The equilibrium climate sensitivity S is well defined along most of the two branches, but infinite at the bifurcation (tipping) points themselves. Moreover, the local slope along each branch depends on how feedback processes depend on the background temperature, i.e. it does not need to be constant. As long as there is a steady-state branch, the climate sensitivity parameter S (Eq. 1) is given by
$$ {S} = \frac{\partial E(\textbf{x}(\mu))}{\partial R_{[\mu]}}, $$
(8)
where E(x) is a metric for the state of x (i.e. the global mean temperature T) and the parameter μ indicates the (logarithm of the) CO2 concentration (see Fig. 2).

These considerations lead us to define two types of state dependence of climate sensitivity. Type I refers to the fact that the strength of fast feedbacks depends on the control parameter, so that S on one branch varies with T. To define the type II state dependence, let us first observe that at the (saddle node) bifurcation points (open squares in Fig. 2), the derivative becomes infinitely large, indicating a structural change in the model climate system. This structural change is reflected in the two branches of the system, which exhibit different behaviours as to climate sensitivity: at one particular pCO2 in the multiple equilibria range, two (different) values for S can be determined. If the slopes on the two branches are different, then the climate sensitivity depends which branch the system is on. In other words, the climate sensitivity depends on the active feedbacks determining the background climate. The type II state dependence then refers to the fact that the strength and number of active feedbacks may depend on the equilibrium point being visited, even if the control parametre is the same. As the saddle-node bifurcation is approached, non-linear effects may become increasingly important, such that the first-order Taylor expansion of the radiative forcing (see Eq. 2) may not be sufficient any more. The closer to the bifurcation point the background climate is, equilibrium non-linearity leads to run-away climate, or at least jumps to some other stable climate branches [37].

In [68], the concept of conditional climate sensitivity parametre S(δ,te) of a background climate state (indicated by \(\bar {T}\)) was defined as
$$ S(\delta, t_{e}) = \frac{\Delta T(\delta, t_{e})}{\Delta R(\delta, t_{e})} $$
(9)
where \({\Delta } T(\delta , t_{e}) = | T(t_{e}) - \bar {T} |\) is the maximum temperature difference that can occur under the constraint \(| T(0) - \bar {T} | < \delta \) over a time te, and ΔR(δ,te) is the change in radiative forcing over the same time interval. Note that scalar norms are used here, but the model to determine it can be very high dimensional. In a climate system in which there is a single equilibrium for each value of pCO2, S(δ,te) is independent of δ (i.e. there is no region of conditional stability) and will approach the equilibrium climate sensitivity S parameter in the limit te. In this limit, ΔT will be precisely the difference between the temperature of the equilibrated states and ΔR the difference in radiative forcing between both states (Eq. 8).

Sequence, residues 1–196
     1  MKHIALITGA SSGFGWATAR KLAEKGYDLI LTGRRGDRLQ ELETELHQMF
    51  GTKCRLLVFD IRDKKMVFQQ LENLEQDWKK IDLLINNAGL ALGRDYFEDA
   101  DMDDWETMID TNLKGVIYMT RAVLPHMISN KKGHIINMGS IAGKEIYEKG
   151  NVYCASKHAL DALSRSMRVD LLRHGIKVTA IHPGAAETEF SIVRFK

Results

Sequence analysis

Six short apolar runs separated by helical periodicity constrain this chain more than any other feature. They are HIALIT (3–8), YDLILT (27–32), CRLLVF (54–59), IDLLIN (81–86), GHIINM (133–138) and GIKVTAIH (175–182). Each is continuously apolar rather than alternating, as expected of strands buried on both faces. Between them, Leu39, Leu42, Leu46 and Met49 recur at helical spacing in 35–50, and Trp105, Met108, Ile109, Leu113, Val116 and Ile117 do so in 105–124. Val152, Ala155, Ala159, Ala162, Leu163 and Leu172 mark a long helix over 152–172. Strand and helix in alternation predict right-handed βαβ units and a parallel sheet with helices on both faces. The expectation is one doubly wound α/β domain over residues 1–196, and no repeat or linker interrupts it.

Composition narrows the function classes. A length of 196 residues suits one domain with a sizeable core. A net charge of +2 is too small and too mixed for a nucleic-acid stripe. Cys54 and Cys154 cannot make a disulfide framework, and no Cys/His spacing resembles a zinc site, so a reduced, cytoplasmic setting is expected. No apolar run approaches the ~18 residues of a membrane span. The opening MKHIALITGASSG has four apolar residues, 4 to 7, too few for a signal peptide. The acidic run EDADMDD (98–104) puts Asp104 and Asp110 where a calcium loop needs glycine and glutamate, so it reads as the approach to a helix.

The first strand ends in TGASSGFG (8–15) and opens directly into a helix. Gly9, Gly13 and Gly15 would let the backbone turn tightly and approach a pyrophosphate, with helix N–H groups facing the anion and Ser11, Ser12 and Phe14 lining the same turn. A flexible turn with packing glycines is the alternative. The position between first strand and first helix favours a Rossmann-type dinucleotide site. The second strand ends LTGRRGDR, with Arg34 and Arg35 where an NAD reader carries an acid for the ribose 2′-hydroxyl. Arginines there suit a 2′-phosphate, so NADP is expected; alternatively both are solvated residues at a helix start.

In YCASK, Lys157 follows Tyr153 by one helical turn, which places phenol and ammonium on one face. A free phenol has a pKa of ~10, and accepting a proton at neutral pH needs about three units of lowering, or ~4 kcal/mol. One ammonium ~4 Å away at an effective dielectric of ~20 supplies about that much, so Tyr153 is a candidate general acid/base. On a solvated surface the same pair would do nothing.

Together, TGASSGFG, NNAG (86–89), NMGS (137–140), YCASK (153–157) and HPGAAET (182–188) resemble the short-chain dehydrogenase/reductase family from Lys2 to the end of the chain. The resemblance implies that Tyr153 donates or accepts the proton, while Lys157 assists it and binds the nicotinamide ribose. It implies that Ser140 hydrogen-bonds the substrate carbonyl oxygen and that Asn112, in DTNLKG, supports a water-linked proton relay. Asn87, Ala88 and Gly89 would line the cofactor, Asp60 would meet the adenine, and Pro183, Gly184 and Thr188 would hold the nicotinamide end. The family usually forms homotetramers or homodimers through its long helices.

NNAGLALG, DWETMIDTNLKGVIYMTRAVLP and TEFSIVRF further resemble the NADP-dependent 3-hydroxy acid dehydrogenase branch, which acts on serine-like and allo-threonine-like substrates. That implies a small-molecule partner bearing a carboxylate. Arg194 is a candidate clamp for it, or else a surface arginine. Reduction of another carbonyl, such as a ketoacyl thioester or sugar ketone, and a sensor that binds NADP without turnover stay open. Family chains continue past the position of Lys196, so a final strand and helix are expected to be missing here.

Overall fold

The conditional climate sensitivity is also suited for situations in which bifurcations occur (and type II state dependence). For example, suppose we are on the lower branch (point D in Fig. 2), when increasing CO2 (or μ) up to point E, the equilibrium climate sensitivity is relatively small. Such values are found in [68], for te=100 years when δ is relatively small. When the initial perturbations are large (i.e. increasing CO2 beyond the blue open square in Fig. 2), however, the system may jump to another state (upper branch in Fig. 2), increasing the sensitivity greatly.

In addition to steady-state dynamics, more complicated dynamics may occur on each of the branches such as periodic orbits. Self-sustained oscillations mimicking the late Pleistocene ice-age cycles have been found in models by [73, 74, 75, 76, 77, 78, 79], and also in a slightly more complex model by [80] as relaxation oscillations. The issues of internal climate variability on palaeoclimatic timescales are discussed in more detail in [77, 81, 82]. In these cases, while S still is defined by Eq. 8, ΔT may not be a smooth function any more, critically depending on the timescale of interest. For example, when considering the Pleistocene ice ages as (long-term) oscillations, the sensitivity derived from comparing glacial with interglacial periods will differ from the sensitivity to CO2 doubling in a climate model, because the two extremes of the oscillation cannot be reached within a century timescale [83]. Shorter timescale variability may be represented by stochastic noise in the forcing, which then requires adaptation of climate sensitivity in probabilistic terms [84].

Challenges Ahead

One of the main insights about climate sensitivity that has been gained from palaeoclimate studies is its potential state dependence. Consequently, findings about the value of S from past climate states that are colder (most of the Pleistocene) or significantly warmer (e.g. Eocene) may not be directly applicable to projections of global warming in the present climate due to anthropogenic CO2 emissions. Nevertheless, for future climate projections, it is crucial to know whether there is state dependence or not and which processes are responsible. This is particularly important for improving the confidence in climate models used for future projections, if processes such as cloud feedbacks are involved that are not adequately captured in those models [85]. The challenge now is to further quantify state dependence from past climate changes and to understand the responsible processes from both models and data.